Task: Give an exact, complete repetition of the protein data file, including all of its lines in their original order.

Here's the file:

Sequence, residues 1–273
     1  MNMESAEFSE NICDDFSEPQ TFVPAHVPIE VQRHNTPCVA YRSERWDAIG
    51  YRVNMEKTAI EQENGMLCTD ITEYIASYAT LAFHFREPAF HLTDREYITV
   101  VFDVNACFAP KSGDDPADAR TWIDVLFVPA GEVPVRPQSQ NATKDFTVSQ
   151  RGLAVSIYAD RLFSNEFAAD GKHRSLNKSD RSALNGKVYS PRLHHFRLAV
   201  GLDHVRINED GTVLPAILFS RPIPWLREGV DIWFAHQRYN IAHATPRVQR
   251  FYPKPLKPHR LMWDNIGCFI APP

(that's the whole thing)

Sequence, residues 1–273
     1  MNMESAEFSE NICDDFSEPQ TFVPAHVPIE VQRHNTPCVA YRSERWDAIG
    51  YRVNMEKTAI EQENGMLCTD ITEYIASYAT LAFHFREPAF HLTDREYITV
   101  VFDVNACFAP KSGDDPADAR TWIDVLFVPA GEVPVRPQSQ NATKDFTVSQ
   151  RGLAVSIYAD RLFSNEFAAD GKHRSLNKSD RSALNGKVYS PRLHHFRLAV
   201  GLDHVRINED GTVLPAILFS RPIPWLREGV DIWFAHQRYN IAHATPRVQR
   251  FYPKPLKPHR LMWDNIGCFI APP